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Pharmacology Guide

Receptor binding techniques: saturation (equilibrium) analysis

Fig D: Saturation curve for a ligand binding to a homogeneous receptor population. The total binding (T) includes a component of non-specific binding (NSB), which is non-saturable, and the remainder is specific binding (SB) which saturates at Bmax. Note that if the x-axis were logarithmic, the SB curve would be sigmoidal (compare with the log-concentration - response curve). The KD of the ligand is the concentration which occupies 50% of the receptors, and can be calculated from a Scatchard plot.

Scatchard analysis

Fig. E: Scatchard plot of the saturable component of the data in the previous figure. The intercept on the x axis is equal to the Bmax; the slope is equal to -1/KD.

Scatchard analysis was, until recently, the standard method for analysing the equilibrium binding parameters of a radiolabelled drug with its receptor. The Scatchard plot is a graph of (on the y axis) the amount of radioligand bound divided by the amount of radioligand free in the solution, versus (on the x axis) the amount of radioligand bound. The Bmax and KD values are calculated as shown in the Scatchard plot above. This method is only valid where the drug binds to a single receptor population. If it binds to more than one type of site, the result will be a curved Scatchard plot (which could also occur where there is cooperativity in the binding, or various experimental artefacts). This method of analysis suffers from various statistical drawbacks and has now been superseded by computer-modelling to fit the data to one or more binding sites (see direct fit).

Other definitions:

The maximum amount of drug (usually expressed in picomoles per mg protein) which can bind specifically to the receptors in a membrane preparation. If one drug molecule binds to each receptor, it also indicates the concentration of receptors in the tissue.

Direct fit
Computer-fitting of binding data (either saturation or competition data) to the logistic equation:

          Bmax [L]n
    b = -------------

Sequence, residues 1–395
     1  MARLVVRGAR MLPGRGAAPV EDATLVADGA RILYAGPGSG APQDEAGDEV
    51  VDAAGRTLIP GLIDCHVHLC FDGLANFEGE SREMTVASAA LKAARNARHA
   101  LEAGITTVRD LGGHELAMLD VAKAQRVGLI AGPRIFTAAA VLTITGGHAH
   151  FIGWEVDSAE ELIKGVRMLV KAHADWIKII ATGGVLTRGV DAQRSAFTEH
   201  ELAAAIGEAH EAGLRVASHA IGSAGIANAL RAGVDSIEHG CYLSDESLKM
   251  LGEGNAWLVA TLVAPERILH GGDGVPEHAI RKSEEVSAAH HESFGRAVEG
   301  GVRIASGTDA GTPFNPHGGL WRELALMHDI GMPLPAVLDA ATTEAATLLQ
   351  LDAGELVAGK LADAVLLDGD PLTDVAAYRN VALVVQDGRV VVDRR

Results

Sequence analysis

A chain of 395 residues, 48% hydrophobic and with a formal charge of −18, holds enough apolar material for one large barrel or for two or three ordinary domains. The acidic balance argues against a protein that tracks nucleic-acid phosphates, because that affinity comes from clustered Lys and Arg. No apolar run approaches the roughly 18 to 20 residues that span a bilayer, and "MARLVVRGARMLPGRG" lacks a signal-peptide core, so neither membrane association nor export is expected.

[L]n + Kn

where b = concentration of ligand bound to the receptor, [L] = conc. of free ligand, K is the dissociation constant for the ligand and n is a constant which should equal 1 if the assumptions in kinetics of binding are valid (it can represent the number of ligand molecules which bind to each receptor). When saturation or competition data are directly fitted to a logistic equation in this way, the Hill plot becomes unnecessary, since the calculated value of n is equivalent to the slope of the Hill plot.

Hill analysis
A method for analysing saturation or competition curves to determine whether the interaction between the ligand and the receptor is competitive. As with the Scatchard plot, the Hill plot has now largely been superseded by computer- fitting of the curves to a one- or multi-site model. The slope of the Hill plot (sometimes called the Hill coefficient or nH) should equal 1 if the ligand binds competitively and reversibly. Slopes significantly greater than 1 may indicate positive cooperativity in the binding; slopes less than 1 may indicate heterogeneity of binding sites or negative cooperativity. However, there are also many artefactual reasons why the slope can differ from the theoretical value.

Fig. F: Hill plot from the saturation curve for a radioligand. The y axis represents the log of the proportion of receptors occupied by radioligand divided by the proportion not occupied (b = the amount of ligand bound, assuming that the NSB has been subtracted; Bmax = the maximal amount of specifically bound ligand). The significance of the slope (nH) is explained in the text.

The dissociation constant for a radiolabelled drug determined by saturation analysis. The units are moles per litre, and it is the concentration of drug which, at equilibrium, occupies 50% of the receptors. Its reciprocal is called the affinity constant, sometimes abbreviated to Kaff. (See kinetics of binding).

k1 or k+1
The rate constant for association of a drug with its receptor. (See kinetics of binding). The units are M-1 sec-1.

The rate constant for dissociation of a drug from its receptor. (See kinetics of binding). The units are sec-1.

Kinetics of binding
The simplest assumption about the nature of the binding of drugs to receptors is that one molecule of drug (D) binds reversibly to one receptor molecule (R) to form a drug-receptor complex (DR):

D + R <=====> DR

The rate of the forward reaction is equal to k1[D][R], where k1 is the association rate constant. (The square brackets signify the concentration of the terms they enclose). The rate of the reverse reaction equals k-1[DR], where k-1 is the dissociation rate constant. At equilibrium, the rate of association equals the rate of dissociation, i.e.

                      k1[D][R] = k-1[DR]

or, rearranging,

                      k-1         [D][R]
                     ____  = KD = ______
                      k1           [DR]

KD, the dissociation constant, may thus be defined either as the ratio of the dissociation and association rate constants, or as the concentration of drug which, at equilibrium, occupies 50% of the receptors (i.e. [DR] = [R], so KD = [D]).

Non-specific binding
See NSB.


Forward Competition assays
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